Holocaust Living History Workshop: Introduction


The Holocaust Living History Workshop aims to preserve the memory of the victims and survivors of the Holocaust. The Workshop links local students, teachers, interested community members, and area Holocaust survivors and their families through use of USC Shoah Foundation’s Visual History Archive, the world’s largest online database of videotaped testimonies by Holocaust survivors and witnesses.


  1. Train the UCSD and San Diego communities to use USC Shoah Foundation’s Visual History Archive on the UCSD campus;
  2. Arrange meetings and presentations among local survivors, schools and community groups;
  3. Provide access to related educational materials;
  4. Administer a venue for Workshop participants to share what they have learned.

Working together, participants will achieve a deeper appreciation of the events of the Holocaust and their continued relevance in the world today. In turn, the Workshop hopes to contribute to a more historically and culturally knowledgeable San Diego community.

This project directly complements the objective of USC Shoah Foundation, which strives to overcome prejudice, intolerance and bigotry through Holocaust education.


In 2007, the UC San Diego Library licensed access to the Visual History Archive of USC Shoah Foundation to provide the UCSD and San Diego communities with direct admittance to its full collection. In January of 2008, the UC San Diego Library and the Judaic Studies Program established the Holocaust Living History Workshop to bring UCSD students together with San Diego-area Holocaust survivors and their families through use of the Visual History Archive. Since that time, the project is co-directed by Deborah Hertz, the Herman Wouk chair in modern Jewish Studies and professor of history, and Brian E.C. Schottlaender, the Audrey Geisel University Librarian.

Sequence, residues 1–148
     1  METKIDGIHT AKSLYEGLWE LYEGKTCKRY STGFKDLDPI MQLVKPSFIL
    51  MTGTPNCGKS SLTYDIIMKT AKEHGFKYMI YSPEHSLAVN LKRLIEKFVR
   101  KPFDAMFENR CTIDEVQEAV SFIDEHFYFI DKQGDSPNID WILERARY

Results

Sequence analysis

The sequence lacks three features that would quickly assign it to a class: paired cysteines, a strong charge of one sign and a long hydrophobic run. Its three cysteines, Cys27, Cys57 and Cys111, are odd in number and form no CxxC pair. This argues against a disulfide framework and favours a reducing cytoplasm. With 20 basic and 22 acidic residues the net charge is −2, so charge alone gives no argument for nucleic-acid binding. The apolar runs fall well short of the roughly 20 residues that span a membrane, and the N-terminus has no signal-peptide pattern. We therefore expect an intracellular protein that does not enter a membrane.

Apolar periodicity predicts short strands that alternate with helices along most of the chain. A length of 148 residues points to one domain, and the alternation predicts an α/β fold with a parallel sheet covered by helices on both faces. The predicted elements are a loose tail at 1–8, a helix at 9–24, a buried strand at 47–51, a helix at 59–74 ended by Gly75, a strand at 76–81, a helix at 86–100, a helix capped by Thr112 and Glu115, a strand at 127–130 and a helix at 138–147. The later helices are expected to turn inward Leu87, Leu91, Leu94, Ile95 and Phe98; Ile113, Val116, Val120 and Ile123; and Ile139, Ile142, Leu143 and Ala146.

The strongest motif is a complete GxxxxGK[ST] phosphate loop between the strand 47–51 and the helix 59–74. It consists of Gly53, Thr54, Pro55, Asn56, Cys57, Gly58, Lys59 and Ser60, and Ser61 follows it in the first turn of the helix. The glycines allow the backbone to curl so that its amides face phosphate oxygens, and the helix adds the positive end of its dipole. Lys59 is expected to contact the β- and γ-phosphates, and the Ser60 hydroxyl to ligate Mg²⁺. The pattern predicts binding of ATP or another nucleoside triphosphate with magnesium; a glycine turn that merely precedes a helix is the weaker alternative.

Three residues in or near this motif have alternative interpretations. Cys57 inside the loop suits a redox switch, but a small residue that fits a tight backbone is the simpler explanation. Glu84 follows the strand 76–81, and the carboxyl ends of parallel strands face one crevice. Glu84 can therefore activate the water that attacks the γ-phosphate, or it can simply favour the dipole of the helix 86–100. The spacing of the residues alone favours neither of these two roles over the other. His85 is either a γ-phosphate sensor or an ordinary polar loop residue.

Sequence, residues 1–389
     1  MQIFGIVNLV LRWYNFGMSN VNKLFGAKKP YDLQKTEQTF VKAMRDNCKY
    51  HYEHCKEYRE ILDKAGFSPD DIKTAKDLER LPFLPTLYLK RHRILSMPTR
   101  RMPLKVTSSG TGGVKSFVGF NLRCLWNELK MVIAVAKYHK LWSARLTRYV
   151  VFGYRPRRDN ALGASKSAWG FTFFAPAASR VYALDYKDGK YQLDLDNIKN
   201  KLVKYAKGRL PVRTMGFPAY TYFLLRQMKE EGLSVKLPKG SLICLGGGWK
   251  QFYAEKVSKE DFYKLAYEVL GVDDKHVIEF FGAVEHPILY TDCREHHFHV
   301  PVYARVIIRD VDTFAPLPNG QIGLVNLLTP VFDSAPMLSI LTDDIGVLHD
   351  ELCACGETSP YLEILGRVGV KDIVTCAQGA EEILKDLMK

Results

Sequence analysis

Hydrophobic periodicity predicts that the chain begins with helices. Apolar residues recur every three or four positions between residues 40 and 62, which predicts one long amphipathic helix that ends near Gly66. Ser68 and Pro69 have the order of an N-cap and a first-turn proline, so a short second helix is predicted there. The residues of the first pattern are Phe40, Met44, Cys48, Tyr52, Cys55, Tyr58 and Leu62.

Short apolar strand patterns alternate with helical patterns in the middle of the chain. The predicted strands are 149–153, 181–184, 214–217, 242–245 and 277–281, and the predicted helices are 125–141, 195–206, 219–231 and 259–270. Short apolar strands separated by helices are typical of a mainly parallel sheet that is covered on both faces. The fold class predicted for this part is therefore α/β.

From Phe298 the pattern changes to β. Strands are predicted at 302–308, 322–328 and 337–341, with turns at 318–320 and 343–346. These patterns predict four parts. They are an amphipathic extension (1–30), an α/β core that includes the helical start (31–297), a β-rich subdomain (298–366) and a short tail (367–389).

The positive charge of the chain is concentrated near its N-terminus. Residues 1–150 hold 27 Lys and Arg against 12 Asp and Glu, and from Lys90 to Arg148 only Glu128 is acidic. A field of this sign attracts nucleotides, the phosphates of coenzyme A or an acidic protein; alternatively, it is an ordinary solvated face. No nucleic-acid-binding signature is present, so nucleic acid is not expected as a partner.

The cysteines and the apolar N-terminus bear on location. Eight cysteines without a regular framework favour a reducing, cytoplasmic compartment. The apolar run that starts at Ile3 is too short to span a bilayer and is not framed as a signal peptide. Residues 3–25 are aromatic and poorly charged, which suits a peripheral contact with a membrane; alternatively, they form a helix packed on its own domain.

In 2009, the Workshop began to organize public presentations and discussions. Since 2010, those events have become regular. Now, they are the most distinguished feature of the Workshop. From 2010 to 2016, there were about 60 events. Among the speakers, there were about 30 Holocaust survivors who shared their experience of survival during World War II and adaptation to a new life after the War. Children, grandchildren, and other relatives of the Holocaust victims and survivors were another large group of speakers. They put a lot of effort into discovering the fates of their family members and wanted to commemorate them. The Workshop invited also several prominent researchers and public figures who presented the results of their research and their activities related to the history of the Holocaust. Presentations and meetings organized by the Holocaust Living History Workshop have become a notable aspect of the local community life. Some of the individual events were recorded and are made available for research through the Library’s Digital Collections.

The Workshop continues to offer training in the use of the Visual History Archive and strives to enhance the visibility and use of this unique pedagogical resource both at the secondary and the post-secondary level.